Eric Lee Green wrote:
> Thoughts:
> 
> 4. I like being able to pass around a method in Python. This makes many 
> things much easier.

You can do the same in Ruby. Either use lambda (as in Python) or proc
(Proc.new).

You can also pass methods around in Ruby:

class A
  def b
    p "b"
  end
end


a = A.new

meth_b = a.method(:b)

meth_b.call()   # => "b"

# or convert it to a Proc
meth_b.to_proc

> 10. Reference counting works hand-in-hand with Python's destructors to handle 
> resource cleanups in a real-time manner that's difficult with Ruby (where you 
> can set up destructors of a sort but they only run at garbage collection 
> time, which may be some time later, in the meantime you still have some open 
> files and files on disk hanging around that are not getting cleaned up). 

Use the block paradigm instead. E.g.

DBI.connect do | dbh |
  # do something with dbh
end 

or 

File.open(fileName, "r") do | file |
  # ...
end

Using this there is no need for destructors.

> 13. Python has a nice GUI-based debugger, which makes many things easier. 

16. OOP in Ruby is very clean and much more fun.

17. irb and ri
The autocompletion mode of irb ("irb -r irb/completion") is a great
feature. ri is very useful, too. It can save you alot of time searching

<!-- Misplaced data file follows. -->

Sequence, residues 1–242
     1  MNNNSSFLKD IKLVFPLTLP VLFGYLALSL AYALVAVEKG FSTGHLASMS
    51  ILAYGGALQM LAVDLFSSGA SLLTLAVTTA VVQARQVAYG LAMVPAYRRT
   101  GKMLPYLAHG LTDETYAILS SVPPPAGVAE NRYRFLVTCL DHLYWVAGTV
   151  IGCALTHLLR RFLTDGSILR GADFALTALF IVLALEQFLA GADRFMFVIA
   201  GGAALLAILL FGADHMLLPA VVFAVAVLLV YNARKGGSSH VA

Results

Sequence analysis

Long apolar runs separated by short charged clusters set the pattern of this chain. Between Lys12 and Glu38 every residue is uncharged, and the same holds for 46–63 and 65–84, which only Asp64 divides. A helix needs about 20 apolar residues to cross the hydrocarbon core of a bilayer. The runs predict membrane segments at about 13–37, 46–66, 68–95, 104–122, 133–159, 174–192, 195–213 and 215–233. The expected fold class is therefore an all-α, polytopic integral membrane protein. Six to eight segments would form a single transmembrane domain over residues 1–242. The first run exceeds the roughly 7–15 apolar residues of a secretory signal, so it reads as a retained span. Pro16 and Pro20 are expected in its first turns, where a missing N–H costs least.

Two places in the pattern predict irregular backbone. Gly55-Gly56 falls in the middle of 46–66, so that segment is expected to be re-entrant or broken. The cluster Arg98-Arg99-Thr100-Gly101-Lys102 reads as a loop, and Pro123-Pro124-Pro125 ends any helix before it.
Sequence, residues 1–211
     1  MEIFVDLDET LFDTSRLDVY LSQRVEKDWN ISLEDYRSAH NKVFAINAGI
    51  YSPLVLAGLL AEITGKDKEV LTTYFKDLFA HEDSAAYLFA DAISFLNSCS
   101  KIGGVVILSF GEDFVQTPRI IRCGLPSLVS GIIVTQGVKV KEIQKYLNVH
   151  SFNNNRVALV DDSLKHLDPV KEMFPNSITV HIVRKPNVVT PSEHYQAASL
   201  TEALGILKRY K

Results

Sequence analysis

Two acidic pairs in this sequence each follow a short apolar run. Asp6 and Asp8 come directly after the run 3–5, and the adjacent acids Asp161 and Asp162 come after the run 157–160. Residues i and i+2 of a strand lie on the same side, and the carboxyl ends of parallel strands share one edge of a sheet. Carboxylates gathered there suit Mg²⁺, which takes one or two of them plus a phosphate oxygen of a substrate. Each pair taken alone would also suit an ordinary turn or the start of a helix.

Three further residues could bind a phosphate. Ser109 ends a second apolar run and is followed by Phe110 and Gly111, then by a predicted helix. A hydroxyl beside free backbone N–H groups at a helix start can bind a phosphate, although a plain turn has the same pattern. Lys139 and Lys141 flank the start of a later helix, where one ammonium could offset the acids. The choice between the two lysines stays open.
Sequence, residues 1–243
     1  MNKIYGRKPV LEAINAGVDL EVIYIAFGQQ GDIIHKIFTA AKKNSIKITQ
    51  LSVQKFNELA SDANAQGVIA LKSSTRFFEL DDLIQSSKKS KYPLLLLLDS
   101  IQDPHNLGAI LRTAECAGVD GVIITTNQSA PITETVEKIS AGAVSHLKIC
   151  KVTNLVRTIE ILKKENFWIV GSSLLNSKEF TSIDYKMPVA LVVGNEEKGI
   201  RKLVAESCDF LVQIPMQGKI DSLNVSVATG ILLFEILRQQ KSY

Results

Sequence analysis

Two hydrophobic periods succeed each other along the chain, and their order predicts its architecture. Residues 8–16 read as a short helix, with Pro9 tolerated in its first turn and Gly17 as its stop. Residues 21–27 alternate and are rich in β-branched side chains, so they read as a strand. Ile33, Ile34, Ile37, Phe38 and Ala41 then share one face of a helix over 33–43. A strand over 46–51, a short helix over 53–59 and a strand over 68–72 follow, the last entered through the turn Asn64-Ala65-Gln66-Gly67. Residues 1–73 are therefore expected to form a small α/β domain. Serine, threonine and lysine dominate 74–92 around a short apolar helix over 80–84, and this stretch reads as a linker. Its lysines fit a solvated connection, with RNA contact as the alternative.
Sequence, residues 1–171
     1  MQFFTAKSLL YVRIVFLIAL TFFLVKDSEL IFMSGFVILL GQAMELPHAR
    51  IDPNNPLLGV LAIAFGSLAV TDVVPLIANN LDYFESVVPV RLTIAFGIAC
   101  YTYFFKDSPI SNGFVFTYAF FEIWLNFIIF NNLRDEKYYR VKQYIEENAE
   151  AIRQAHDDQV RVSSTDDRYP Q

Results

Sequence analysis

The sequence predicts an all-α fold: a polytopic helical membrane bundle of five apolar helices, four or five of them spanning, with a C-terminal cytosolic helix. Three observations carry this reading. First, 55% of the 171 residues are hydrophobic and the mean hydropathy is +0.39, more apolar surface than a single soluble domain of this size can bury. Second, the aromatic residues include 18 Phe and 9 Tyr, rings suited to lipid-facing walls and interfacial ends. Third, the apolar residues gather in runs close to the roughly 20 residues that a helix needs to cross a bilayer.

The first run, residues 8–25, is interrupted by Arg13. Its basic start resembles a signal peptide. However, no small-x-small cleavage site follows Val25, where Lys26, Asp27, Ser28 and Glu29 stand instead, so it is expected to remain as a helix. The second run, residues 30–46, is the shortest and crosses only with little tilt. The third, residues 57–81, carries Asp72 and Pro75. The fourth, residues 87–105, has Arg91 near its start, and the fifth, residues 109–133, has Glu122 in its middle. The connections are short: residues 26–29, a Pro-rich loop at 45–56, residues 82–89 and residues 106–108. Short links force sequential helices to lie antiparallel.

around in the references.

> My preliminary conclusion is that Python is a superior language for large 
> projects. It is virtually impossible to make a difficult-to-read Python 
> program due to its indentation-based syntax, the namespace partitioning makes 

This heavily depends on the programmer who wrote the code. Maybe it looks not that bad 
in Python (due to forced indentation), but the code can be confusing in any language, 
including Ruby. Luckily you can use e.g. Vim to automatically (re-)
indent you code. 
Thereagainst I'd criticise Python's use of method names like _xxx or
__xxx (looks not that nice for me), and all the things that are for me 
not that transparent and are IMHO better and easier solved in Ruby (e.g. mixin, 
use of self as first parameter etc.). But I never worked with these
special features in Python, only had a look on it as non-Pythoneer.

> large projects easier to partition amongst multiple programmers or multiple 
> programming groups, and there is a large number of enterprise-oriented 
> libraries for access to various proprietary and non-proprietary external 
> systems. It is also portable to more architectures than Ruby, which is 
> important for some large multi-platform applications. Python's syntax is also 
> more regular and consistent than Ruby's, which again is important for large 
> multi-programmer projects. 
> 
> Ruby, on the other hand, is a much better scripting language (as vs. 
> general-purpose programming language) than Python. It is much easier to chain 
> pieces together, especially for distributed applications. It also makes a 
> superior language for prototyping Java applications, since many aspects 
> (iterators, rinda, single inheritance only, etc.) are similar to Java. I 
> would not, however, relish attempting to manage 100K+ lines of Ruby code for 
> a project, while Python proved to be quite usable for 100K+ lines of code. 

I'd hold against your last sentence, but I never tried it out.
But maybe 100K lines in Python are just 50K in Ruby ;-)


-- 
Michael Neumann
merlin.zwo InfoDesign GmbH
http://www.merlin-zwo.de